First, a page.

Not Just a Nutshell
"And Yehudah approached him..." The Torah narrates the dramatic climax of
the episode with Yosef and his brothers. Yosef deliberately frames his
youngest brother Binyomin, "catching him" with his "stolen" silver goblet.
"The one who was found with the cup will be my slave, and the rest of you
will go up to your father in peace."
We know from the previous parsha that Yehudah took full responsibility to
bring Binyomin back from Egypt alive and well. It was up to Yehudah to
appeal for his release from Yosef, who was disguised. "Please, my master,
we only came down here to begin with to buy food...and my master asked us
if we had a father or a brother...and you said to your servants 'bring him
(your brother) down to me so that I may see him. And we said to my master
'the young man is not able to leave his father...' And you told us 'if you
don't bring your brother you may not see me again.' And now how can I go
back up to my father without the young man (Binyomin) with us? Their souls
are very closely bound to one another." Yehudah then suggested that he
remain as a slave in Binyomin's place, "lest I see the evil that will
befall my father." At that point Yosef was no longer able to contain his
emotions, so he sent everyone out besides his brothers, and he began to
cry, and he said "I am Yosef " and he revealed himself to his brothers.
The S'fas Emes, Rabbi Yehudah Aryeh Leib Alter, explains that this episode
between Yehudah and Yosef is an analogy to a deeper thought, and its
message is applicable to us at all times as well.
The S'fas Emes explains that the name Yehudah comes from the Hebrew root
word which means to thank or acknowledge. When Yehudah was born, the fourth
child to Leah, she acknowledged G-d's kindness to her in giving her this
child, and she memorialized her feelings in his name. The name of a person
is his essence. Yehudah's essence is acknowledgement to G-d for everything
- great or small, and the recognition of G-d's involvement in all things.
Yosef - because his identity was hidden from his brothers - represents the
hidden quality - the G-dliness within everything.
The deeper meaning of the analogy: "And Yehudah approached him." That means
to say "Yehudah" employing his trait of acknowledgement and recognition
that G-d was behind this event which was unfolding - "approached him." When
one views life with the uncompromising perspective that G-d is involved in
everything (Yehudah), the end result is that the hidden hand of G-d will
ultimately reveal itself (Yosef revealing himself).
We see that there is a way to break down barriers and to see a deeper truth
contained within everything. Yehudah accomplished this with his attitude
and approach to Yosef. I dare say that in our daily interaction with people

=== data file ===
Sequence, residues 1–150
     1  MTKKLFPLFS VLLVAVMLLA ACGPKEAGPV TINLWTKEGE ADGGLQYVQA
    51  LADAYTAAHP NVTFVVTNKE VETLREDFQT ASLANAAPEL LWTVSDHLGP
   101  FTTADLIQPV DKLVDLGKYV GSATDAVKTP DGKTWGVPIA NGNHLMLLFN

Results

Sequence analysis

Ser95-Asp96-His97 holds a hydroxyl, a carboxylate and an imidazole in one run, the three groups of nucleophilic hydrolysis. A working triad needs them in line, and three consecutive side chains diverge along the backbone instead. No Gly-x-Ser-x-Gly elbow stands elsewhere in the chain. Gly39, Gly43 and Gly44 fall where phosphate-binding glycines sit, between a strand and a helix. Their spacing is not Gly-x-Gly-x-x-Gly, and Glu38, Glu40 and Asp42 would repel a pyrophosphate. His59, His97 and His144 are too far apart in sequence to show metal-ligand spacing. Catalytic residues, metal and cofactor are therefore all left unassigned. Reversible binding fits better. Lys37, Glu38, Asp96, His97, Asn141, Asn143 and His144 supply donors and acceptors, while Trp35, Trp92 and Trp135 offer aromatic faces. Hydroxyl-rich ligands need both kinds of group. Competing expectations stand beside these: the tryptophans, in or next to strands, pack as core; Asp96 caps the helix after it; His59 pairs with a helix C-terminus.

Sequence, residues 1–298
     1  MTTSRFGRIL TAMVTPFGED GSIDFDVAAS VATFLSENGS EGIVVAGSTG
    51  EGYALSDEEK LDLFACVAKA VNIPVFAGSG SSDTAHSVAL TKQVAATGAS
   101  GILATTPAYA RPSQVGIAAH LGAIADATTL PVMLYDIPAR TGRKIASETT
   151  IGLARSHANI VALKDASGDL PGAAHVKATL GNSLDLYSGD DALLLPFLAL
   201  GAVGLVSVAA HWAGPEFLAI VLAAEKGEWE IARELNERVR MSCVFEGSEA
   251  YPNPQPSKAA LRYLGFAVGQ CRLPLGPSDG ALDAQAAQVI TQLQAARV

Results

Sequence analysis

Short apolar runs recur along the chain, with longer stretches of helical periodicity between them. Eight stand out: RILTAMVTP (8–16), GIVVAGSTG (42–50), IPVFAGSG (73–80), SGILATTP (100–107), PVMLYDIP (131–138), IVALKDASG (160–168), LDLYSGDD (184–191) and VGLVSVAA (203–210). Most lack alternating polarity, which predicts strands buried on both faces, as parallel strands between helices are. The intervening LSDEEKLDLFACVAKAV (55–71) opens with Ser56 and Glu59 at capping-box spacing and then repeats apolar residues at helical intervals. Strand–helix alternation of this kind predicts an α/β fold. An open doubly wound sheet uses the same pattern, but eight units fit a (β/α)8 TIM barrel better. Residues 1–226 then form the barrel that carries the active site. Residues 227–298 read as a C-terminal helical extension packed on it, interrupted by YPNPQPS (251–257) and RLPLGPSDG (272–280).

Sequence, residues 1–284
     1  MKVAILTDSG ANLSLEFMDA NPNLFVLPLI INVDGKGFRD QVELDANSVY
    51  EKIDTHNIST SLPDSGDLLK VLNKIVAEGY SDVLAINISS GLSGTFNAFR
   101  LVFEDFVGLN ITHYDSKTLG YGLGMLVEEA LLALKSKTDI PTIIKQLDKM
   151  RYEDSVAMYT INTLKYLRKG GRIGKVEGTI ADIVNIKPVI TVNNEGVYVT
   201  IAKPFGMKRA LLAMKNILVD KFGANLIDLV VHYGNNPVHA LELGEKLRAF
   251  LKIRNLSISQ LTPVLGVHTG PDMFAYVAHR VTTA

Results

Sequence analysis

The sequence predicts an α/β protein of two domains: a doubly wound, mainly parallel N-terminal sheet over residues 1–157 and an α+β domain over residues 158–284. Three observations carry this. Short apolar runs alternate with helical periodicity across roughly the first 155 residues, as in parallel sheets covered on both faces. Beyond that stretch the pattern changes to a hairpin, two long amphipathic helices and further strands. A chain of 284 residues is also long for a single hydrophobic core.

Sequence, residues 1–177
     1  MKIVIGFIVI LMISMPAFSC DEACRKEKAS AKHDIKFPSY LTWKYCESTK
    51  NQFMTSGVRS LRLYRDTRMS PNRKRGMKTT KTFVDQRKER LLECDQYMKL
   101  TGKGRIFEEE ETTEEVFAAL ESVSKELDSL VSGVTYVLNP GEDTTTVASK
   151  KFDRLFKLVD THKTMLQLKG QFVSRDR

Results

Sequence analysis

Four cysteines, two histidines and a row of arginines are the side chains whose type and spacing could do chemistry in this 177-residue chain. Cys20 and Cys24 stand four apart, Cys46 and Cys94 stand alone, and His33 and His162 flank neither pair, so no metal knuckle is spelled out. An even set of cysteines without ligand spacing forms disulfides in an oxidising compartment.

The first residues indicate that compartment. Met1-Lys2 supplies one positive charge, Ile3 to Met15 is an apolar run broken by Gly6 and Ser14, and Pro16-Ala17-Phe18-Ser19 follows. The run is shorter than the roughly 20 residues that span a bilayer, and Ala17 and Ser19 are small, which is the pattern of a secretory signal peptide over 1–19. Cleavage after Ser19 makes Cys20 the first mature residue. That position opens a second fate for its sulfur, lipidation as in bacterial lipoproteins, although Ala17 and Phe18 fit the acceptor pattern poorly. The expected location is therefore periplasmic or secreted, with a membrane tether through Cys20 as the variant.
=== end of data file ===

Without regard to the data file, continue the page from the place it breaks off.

the same is true.
A teacher I know once had a student whose family circumstances were
somewhat complicated. She did not live with her biological parents. She was
an intelligent girl, but she was not confident about her own abilities.
Socially, things were not going very smoothly for her either. Her teacher
was able to turn her around and make her a happier, more confident student
in the following way. She would genuinely praise her saying that she was a
source of pleasure for her. "You give me so much nachas (pleasure)." From
the moment she began doing that, the child began putting in effort to
maintain the perception which the teacher had created, and the relationship
between student and teacher was very warm. The girl's feeling that her
teacher valued her so much even positively affected the way she carried
herself and conducted her everyday affairs. I believe that this teacher
succeeded in breaking down the barriers in this child, and tapped the
potential greatness latent in her. She contributed to the good of this
child in a very profound way, and I know that it lasted for many subsequent
When we unconditionally convey to a person that they are someone very
special, we can break down the barriers and what will be revealed to us
will exceed our expectations. This attitude never fails on some level --
but only on the condition that it be genuine.
From the wise words of the Sfas Emes, we understand that there is always
more to life than meets the eye. What we see at first glance is like a
shell, and we can never benefit from what is contained under the shell if
we think it is empty. Just as Yehudah was able to uncover the depth of his
situation, so too should we endeavor to see beyond that which meets the eye.
Rabbi Chaim Dovid Green
Text Copyright © 2001 Rabbi Dovid Green and
Project Genesis, Inc.